The mother's IDP is called to access data about the the topic fields, books, and, Berlin, she is interested in. The IDP returns a set of information the mother granted access to her family. The data contains general interests, some book purchases, reviews, comments, ratings and some attention data that was recorded observing her reading articles online. The service continues by querying the mother's closest friends' IDPs to see if one of them liked or recommends books about Berlin, since friends' recommendations are the most valuable.
The service now searches and calls a ranking service from the Web of Services that can handle books, personal interests and recommendations as input criteria and returns a ranked list of books.
In order to find the best deals for the remaining books, the service now compares and bargains prices at several book stores via the Web of Services limiting to those that guarantee a delivery before December 24.
Finally, the list of books is augmented with prices from different stores and then presented to Bob. Bob selects a book and pays with a checkout service from the Web of Services.
Alice recently graduated from a university. She knows that she needs an insurance package but has no idea what it should consist of. She's heard of an intelligent insurance packaging brokerage system which she visits using her browser. She logs into the system with the Web ID she got from her IDP. From the Web of Identities, and with her permission, the system initiates a profile lookup to gather information needed for the components of the insurance package. This saves her precious time.
It queries for information like private address, marriage status, age and gender. Since it can't find her current income, it prompts her directly. From the Web of Data, the system now queries for her neighborhood's crime statistics for risk estimates. The system then looks up insurance services it can find on the Web of Services.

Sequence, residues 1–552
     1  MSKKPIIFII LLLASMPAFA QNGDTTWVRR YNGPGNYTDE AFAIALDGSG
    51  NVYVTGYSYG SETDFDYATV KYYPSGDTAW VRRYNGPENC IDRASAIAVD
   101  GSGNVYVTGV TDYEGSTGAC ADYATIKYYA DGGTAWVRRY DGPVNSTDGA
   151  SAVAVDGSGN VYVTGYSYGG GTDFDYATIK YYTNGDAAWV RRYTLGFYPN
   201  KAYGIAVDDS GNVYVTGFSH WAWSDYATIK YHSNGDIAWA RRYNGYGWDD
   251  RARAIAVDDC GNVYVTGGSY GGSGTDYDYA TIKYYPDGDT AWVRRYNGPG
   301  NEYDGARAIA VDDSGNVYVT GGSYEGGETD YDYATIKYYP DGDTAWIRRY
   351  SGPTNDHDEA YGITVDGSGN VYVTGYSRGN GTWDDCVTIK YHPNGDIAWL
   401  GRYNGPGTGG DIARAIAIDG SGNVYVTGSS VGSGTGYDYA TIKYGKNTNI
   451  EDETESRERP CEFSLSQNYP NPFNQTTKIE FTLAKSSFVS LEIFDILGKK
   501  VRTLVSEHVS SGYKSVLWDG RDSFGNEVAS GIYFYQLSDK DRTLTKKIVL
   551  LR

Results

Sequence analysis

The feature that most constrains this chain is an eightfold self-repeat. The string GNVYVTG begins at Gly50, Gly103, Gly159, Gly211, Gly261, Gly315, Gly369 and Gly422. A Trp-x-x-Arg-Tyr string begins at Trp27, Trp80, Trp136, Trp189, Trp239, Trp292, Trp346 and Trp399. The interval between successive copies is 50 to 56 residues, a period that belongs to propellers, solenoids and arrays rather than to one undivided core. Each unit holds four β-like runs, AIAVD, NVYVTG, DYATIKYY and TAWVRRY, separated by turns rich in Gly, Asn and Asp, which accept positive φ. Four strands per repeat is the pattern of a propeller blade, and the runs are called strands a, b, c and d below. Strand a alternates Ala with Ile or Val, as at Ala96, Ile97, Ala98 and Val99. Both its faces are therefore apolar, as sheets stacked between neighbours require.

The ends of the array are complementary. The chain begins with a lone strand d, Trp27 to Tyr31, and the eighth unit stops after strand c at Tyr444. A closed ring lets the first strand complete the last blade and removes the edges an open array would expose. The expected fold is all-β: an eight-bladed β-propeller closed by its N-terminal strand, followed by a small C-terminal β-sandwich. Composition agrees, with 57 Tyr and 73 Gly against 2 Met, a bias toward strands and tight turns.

It configures the services with the knowledge gathered, selects the best offers and combines them to a personalized insurance package. The package consists of products from different insurers from around the globe. She signs the contracts through the broker and logs out with the satisfaction that she now is neither under- nor over-insured.
Further Application Areas
The webs can also be used to filter the real-time Web to individual and context-relevant content. Easy-to-use activity stream queries that are above the level of a single social platform become feasible like "filter by private friends nearby" or "filter by business contacts living in Wellington talking about the real-time Web". How about a pinch of sentiment analysis: "filter by my boss but only if he is really upset" or "filter by brand XY but only if the community is getting nasty".
Without a doubt these data and services sources can help to improve lots of existing services at low cost, including augmented reality or location-based services. Valuable knowledge can be provided for locations found on the Web of Data, friends can be displayed if they agreed to expose their location to the querying person via the Web of Identities, and so forth.
These are only a handful of thoughts for a whole new era of applications fueled by an open, linked and semantic basis for data and service sources. What applications can you think of? Or do you find all this creepy?